Last winter, the documentary film-maker Errol Morris made a splash with his movie The Fog of War. That film presented viewers with 11 lessons on politics from the life of Robert McNamara, America's Vietnam-era Secretary of Defense; most of the movie is made up of footage from Morris's many interviews with McNamara. I missed the chance to see The Fog of War while it was still in theaters, but I bought it on DVD earlier this summer and finally had the chance to watch the film from start to finish last night. I'm still not sure exactly what I think.
My main concerns about The Fog of War have to do with an irony at the very center of the film. Morris tells us the story of a man who thought he could revolutionize the Pentagon by making it more rational, more efficient, and better-run; he believed that rationality would lead to straightforward solutions to the country's problems, but ended up embroiling the nation in the most complicated, divisive, and unsuccessful war in its history. That's a fascinating story, and it could have been told in many different ways. Morris, however, has chosen an unusual format for his movie: under his guidance, a man who learned that life wasn't as simple as he thought has presented viewers with a series of 11 simple lessons for the future.
At its best, The Fog of War offers its viewers a fascinating look into the mind of its subject--and provides us with intriguing details on McNamara's life and career. Before Morris's film came out, for example, I had no idea that McNamara had helped plan the firebombing of Tokyo when he worked for the air force under Curtis LeMay; McNamara admits to Morris that if Japan had won the war, he'd have been tried as a war criminal. Similarly, it was fascinating to hear about McNamara's career at the Ford Motor Company: McNamara explains how the company was transformed, after World War II, from a family business whose top executives were poorly educated and badly trained into one of America's premier corporations, and discusses the way the company added new safety features (like the seatbelt) under his leadership.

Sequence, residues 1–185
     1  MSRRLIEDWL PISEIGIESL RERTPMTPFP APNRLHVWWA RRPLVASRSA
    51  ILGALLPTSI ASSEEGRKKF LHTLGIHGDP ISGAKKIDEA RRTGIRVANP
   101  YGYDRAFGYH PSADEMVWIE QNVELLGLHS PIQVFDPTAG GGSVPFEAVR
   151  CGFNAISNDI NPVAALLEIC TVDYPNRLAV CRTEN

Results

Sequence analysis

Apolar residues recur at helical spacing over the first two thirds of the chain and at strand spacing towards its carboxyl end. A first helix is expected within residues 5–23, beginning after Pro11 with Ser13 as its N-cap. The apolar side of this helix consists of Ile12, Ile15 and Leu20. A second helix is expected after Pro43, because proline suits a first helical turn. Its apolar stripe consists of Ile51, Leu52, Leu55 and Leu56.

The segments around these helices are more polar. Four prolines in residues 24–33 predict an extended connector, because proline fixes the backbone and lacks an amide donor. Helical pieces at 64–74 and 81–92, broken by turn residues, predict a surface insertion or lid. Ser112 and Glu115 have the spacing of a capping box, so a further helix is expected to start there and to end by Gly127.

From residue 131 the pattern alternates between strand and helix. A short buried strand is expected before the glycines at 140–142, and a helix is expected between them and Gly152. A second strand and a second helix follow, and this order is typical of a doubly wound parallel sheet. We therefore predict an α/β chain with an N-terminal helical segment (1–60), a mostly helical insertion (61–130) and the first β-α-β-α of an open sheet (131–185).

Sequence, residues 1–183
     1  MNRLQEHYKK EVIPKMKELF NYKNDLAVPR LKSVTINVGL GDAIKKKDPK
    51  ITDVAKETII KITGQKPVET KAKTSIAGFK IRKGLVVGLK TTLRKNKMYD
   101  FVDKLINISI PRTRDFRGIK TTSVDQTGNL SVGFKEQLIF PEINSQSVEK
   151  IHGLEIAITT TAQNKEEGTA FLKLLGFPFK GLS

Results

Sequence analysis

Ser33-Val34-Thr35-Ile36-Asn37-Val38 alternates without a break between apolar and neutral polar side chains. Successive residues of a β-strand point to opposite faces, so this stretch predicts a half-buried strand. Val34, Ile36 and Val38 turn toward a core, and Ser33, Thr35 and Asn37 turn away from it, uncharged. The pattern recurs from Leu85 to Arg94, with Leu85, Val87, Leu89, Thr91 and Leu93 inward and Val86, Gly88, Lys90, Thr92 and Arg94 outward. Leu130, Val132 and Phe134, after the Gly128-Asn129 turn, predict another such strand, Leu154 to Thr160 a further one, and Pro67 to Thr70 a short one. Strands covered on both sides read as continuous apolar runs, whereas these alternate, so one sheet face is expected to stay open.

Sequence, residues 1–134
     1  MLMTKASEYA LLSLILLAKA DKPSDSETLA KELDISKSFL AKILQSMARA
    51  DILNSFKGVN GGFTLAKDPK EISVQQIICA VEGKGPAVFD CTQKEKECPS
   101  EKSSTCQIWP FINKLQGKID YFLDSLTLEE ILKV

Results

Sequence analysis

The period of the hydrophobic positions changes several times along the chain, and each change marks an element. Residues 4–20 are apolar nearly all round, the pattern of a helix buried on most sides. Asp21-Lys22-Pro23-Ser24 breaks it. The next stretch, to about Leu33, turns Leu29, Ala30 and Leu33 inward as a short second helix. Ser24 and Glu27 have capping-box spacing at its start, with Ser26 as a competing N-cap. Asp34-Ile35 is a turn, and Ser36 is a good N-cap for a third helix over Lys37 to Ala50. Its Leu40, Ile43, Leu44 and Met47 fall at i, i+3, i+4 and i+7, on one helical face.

McNamara seems amazingly sharp for his age (85), and comes across as a charismatic, confident, and likeable figure. His grasp of detail is amazing: he remembers that tuition at Berkeley in the 1930s was $52 a year, that the delivery cost for his first child was $100, and that his annual salary at Harvard was $4000. At the same time, McNamara is extremely proud of his accomplishments, and is quick to point out that he was the "youngest assistant professor at Harvard" and the "first president of [Ford]... other than a member of the Ford family"; he even remembers that his first-grade teacher arranged her students' desks based on their performances on her tests--and almost always gave him the first seat. In other words, two of the most prominent characteristics of McNamara's personality--his charisma and his self-confidence --are on vivid display in The Fog of War.
The Fog of War, then, is fascinating as a character study, but there's something about the movie that seems a little too pat and simplistic. In nearly every major scene, Morris emphasizes the ways that McNamara sought to bring rationality and efficiency to the forefront, often through the use of statistics. McNamara recruited a group of the "best and the brightest" to his World War II air force department through the use of punch cards and computers, and then used statistics in a systematic analysis of U.S. bombing raids; he used similar techniques to recruit a talented leadership team at Ford and to add new safety features to Ford cars. Moreover, about twenty minutes into the movie, Morris shows a film clip from the Kennedy years, in which a reporter tells McNamara that he has a reputation for arrogance--for showing up on Capitol Hill, ignoring the experiences of the country's leaders, and offering them "simple little lessons." The reporter notes that one congressman calls him "Mr. 'I Have All the Answers' McNamara." McNamara didn't have all the answers, of course, and the unstated lesson of the movie is that his arrogance and belief in rationality helped lead to Vietnam. He offers the main lesson of the movie near The Fog of War's conclusion:
There's a wonderful phrase, the fog of war. What "the fog of war" means is that war is so complex, it's beyond the ability of the human mind to comprehend all the variables. Our judgment, our understanding, are not adequate... It isn't that we're not rational. We are rational. But reason has limits.
In one sense, I'd even argue that the makers of The Fog of War should have paid more attention to this revised lesson; there are times when the movie's view of causality seems a little too simple and straightforward. Another of the movie's implicit arguments is that if John F. Kennedy hadn't been assassinated, America would never have been embroiled in Vietnam, for example. The film never says this outright (though I believe that McNamara has made this argument before), but its logic implicitly makes that very point. JFK's assassination appears dramatically at the movie's midpoint; Lyndon Johnson appears as one of the movie's chief villains; McNamara portrays himself as consistently skeptical about America's chances for success in Indochina.